Bone Regeneration Made Possible With Stem Cells

Epibone creates precisely measured scaffolding for stem cells to recreate damaged bone.

The New York-based startup Epibone intends to begin human testing on a procedure that will utilize stem cells to regenerate living bone tissue.  The researchers, originally from Columbia University, will apply autologous [the patient’s own] stem cells to nanofiber scaffolding of the desired size and shape and direct the stem cells to differentiate into a physical and genetic replica of the patient’s own bone. Continue reading

Osteoarthritis Stem Cell Treatment in Clinical Trial

The transplantation of stem cells into areas affected by osteoarthritis allow lost cartilage tissue to regenerate.

In recent clinical trials, researchers at the National University of Ireland Galway have successfully utilized adult stem cells to treat patients with osteoarthritis.  The treatment involves recovering the patients’ own [autologous] stem cells and then injecting the stem cells into cartilage to stimulate the regeneration of lost tissue. Continue reading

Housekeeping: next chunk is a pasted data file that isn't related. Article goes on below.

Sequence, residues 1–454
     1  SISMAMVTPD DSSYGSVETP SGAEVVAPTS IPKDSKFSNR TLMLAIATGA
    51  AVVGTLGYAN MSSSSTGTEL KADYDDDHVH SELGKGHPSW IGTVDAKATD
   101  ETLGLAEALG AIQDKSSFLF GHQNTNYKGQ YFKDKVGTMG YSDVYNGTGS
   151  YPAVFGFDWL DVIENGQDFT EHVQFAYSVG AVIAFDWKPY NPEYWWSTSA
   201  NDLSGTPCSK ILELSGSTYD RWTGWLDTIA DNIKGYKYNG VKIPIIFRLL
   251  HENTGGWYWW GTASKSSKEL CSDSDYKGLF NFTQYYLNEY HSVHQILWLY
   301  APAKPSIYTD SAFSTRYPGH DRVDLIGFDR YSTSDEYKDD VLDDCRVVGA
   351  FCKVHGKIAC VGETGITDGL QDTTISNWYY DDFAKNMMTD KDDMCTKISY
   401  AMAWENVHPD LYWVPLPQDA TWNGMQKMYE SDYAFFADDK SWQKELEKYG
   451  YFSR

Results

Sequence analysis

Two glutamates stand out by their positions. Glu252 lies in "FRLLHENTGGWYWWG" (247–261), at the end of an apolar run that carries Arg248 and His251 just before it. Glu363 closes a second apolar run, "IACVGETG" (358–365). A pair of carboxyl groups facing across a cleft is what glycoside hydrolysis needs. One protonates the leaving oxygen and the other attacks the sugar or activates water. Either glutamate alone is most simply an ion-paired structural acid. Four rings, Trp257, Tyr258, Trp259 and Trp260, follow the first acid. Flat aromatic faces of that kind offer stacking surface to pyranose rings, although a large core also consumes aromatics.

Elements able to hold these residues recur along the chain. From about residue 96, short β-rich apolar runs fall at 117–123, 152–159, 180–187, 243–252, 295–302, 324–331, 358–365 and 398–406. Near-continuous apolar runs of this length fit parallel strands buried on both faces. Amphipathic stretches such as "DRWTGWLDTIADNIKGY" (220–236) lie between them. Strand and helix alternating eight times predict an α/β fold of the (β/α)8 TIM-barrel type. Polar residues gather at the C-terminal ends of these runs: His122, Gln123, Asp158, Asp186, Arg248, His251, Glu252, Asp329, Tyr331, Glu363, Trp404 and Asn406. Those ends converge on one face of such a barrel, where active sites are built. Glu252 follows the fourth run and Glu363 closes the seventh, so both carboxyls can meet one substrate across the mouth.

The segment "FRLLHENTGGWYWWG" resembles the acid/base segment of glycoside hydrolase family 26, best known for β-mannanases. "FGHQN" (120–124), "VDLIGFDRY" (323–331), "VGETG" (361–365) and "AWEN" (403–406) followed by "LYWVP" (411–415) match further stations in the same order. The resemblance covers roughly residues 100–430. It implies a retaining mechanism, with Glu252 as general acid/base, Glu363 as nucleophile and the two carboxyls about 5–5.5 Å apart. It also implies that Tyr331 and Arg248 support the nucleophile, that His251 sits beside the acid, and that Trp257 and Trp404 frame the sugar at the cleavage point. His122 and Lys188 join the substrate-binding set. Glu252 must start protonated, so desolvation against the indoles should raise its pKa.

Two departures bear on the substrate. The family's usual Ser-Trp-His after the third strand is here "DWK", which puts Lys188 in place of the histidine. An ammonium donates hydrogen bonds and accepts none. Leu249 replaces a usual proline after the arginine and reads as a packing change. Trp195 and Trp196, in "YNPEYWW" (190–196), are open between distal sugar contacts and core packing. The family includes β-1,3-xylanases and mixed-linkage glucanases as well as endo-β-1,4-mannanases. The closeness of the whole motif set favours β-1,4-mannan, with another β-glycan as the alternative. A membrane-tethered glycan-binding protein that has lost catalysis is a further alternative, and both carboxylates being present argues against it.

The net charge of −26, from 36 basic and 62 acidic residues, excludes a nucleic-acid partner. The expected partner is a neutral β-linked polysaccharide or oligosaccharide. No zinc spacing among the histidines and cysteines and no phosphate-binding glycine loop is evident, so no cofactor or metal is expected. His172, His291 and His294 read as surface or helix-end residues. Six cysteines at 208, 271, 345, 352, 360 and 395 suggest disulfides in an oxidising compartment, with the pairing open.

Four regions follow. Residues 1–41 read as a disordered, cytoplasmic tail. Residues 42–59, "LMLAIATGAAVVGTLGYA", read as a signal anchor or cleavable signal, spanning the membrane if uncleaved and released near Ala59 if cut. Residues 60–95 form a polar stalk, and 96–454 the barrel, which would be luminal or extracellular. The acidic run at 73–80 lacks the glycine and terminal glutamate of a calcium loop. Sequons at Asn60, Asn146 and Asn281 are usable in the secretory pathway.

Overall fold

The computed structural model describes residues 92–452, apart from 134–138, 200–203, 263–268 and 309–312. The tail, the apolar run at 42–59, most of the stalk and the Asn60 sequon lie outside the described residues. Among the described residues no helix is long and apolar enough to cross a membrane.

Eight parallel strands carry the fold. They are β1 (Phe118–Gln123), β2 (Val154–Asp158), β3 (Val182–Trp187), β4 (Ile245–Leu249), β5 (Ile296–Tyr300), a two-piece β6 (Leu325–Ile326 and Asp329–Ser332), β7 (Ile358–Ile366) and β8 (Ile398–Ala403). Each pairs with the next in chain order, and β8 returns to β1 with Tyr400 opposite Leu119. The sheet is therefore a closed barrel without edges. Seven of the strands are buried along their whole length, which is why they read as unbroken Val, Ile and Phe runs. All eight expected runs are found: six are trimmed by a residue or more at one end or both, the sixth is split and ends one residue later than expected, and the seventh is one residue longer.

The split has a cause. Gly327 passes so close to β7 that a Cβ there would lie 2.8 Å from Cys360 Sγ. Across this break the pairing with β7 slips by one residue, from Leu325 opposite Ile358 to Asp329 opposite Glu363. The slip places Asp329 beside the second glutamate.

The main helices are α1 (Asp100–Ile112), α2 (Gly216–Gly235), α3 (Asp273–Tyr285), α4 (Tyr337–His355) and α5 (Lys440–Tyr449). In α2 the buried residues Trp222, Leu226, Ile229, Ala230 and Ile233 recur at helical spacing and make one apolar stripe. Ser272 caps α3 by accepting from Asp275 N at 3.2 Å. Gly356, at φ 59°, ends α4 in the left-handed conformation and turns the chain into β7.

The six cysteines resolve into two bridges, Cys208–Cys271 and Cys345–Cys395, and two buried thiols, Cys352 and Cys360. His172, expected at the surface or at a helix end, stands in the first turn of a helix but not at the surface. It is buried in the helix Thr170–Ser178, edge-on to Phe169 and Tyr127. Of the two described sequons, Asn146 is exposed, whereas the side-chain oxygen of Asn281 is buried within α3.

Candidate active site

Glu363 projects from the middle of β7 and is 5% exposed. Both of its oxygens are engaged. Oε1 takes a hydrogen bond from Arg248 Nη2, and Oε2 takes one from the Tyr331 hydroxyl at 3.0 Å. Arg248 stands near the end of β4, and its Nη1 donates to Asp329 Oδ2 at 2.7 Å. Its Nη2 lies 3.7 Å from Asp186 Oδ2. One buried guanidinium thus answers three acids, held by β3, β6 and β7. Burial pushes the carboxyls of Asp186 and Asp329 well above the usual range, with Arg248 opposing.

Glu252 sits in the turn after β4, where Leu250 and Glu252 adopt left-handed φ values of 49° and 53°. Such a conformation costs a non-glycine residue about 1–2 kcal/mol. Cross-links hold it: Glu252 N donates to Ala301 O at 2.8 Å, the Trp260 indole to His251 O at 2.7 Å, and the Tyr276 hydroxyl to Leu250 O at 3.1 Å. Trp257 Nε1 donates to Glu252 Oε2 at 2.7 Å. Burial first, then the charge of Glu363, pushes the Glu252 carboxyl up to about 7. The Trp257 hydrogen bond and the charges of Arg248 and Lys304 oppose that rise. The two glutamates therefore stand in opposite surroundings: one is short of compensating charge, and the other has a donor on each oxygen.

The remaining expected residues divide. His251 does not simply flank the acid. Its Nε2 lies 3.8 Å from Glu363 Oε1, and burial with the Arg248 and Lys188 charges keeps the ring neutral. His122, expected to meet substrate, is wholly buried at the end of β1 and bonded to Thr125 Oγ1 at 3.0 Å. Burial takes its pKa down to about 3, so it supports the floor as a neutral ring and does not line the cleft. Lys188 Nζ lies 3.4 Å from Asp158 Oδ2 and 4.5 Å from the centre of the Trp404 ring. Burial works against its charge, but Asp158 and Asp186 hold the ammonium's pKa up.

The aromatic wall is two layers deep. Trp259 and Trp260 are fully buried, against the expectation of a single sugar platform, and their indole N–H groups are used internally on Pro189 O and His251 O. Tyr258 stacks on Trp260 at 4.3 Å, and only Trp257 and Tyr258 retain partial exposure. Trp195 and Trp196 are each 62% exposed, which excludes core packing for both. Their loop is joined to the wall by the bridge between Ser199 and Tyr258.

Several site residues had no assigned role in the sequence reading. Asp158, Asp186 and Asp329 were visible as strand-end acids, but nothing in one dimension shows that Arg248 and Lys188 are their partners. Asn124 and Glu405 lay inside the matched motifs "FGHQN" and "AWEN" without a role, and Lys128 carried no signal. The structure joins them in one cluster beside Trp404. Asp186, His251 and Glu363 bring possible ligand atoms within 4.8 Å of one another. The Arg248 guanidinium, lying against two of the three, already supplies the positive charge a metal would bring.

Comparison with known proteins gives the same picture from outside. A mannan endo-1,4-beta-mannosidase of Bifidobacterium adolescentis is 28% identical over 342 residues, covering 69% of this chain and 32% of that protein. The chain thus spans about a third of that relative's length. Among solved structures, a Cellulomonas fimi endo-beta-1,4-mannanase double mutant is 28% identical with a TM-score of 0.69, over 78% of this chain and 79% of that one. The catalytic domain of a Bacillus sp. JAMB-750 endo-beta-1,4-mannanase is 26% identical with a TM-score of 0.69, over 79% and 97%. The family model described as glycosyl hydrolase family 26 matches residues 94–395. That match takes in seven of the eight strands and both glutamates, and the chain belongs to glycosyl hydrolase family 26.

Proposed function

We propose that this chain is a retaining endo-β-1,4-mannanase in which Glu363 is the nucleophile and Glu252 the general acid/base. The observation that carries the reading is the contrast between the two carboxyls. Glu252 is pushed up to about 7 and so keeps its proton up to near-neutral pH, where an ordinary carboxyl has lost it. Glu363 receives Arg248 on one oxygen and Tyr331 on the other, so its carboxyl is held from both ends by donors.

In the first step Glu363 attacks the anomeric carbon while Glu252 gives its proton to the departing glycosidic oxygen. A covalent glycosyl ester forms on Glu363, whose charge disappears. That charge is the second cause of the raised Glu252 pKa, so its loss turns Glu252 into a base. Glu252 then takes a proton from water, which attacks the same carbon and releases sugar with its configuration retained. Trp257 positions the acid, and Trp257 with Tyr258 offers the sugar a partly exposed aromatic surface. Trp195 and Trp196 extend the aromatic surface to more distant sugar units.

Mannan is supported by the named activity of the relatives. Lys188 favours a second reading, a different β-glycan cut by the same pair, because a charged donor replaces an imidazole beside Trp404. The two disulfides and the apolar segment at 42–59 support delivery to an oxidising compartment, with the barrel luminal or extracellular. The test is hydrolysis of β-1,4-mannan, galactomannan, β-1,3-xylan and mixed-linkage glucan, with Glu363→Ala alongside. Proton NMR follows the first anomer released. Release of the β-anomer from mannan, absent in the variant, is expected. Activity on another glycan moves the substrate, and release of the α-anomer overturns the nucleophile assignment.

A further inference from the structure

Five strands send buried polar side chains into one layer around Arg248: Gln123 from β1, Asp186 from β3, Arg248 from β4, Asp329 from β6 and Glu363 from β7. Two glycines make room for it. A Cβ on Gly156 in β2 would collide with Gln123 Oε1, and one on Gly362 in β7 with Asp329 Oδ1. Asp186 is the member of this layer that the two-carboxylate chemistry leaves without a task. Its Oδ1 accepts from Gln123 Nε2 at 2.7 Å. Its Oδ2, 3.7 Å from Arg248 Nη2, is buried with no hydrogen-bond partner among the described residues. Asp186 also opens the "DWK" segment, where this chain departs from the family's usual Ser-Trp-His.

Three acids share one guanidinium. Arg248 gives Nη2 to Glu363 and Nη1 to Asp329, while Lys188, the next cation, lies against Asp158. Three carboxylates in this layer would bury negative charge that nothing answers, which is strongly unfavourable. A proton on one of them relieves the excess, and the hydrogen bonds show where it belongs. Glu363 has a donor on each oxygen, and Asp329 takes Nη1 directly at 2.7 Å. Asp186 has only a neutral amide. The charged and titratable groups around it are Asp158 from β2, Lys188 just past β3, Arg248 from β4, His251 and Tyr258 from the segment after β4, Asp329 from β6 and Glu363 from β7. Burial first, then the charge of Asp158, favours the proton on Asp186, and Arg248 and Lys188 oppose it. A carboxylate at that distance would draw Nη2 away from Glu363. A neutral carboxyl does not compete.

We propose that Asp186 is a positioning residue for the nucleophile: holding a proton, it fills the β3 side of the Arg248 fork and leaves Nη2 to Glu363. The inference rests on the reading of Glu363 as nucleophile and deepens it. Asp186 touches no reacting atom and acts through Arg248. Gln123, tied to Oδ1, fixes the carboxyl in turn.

Athletes Utilizing Their Own Stem Cells to Treat Injuries.

Surgeons utilizing the patient’s own stem cells could significantly reduce rehabilitation times for injured athletes.

Orthopedic Surgeons are utilizing autologous [the patient’s own] stem cells to treat injuries and degenerative diseases in the joints and bones of athletes.  The treatments involve the recovery of the patient’s own mesenchymal stem cells – which are particularly plastic and can differentiate into a variety of tissue types and implanting them back into the damaged bone or joint to reduce inflammation and regenerate damaged tissue without the need for invasive surgery.  Continue reading

Treating Arthritis with Stem Cells

damaged knee and mesenchymal stem cells

Arthritis affects 44 million individuals in the US resulting in the need for approximately 700,000 knee-replacement and 100,000 hip replacement surgeries every year. Researchers at Stanford University have developed a technique to track the effectiveness of mesenchymal stem cells [the type of stem cells found in teeth] in repairing arthritic joints. Mesenchymal stem cells are capable of differentiating into bone and cartilage, as well as muscle, fat and tendon.  The researchers expect to adapt the study for clinical trials in humans this fall.

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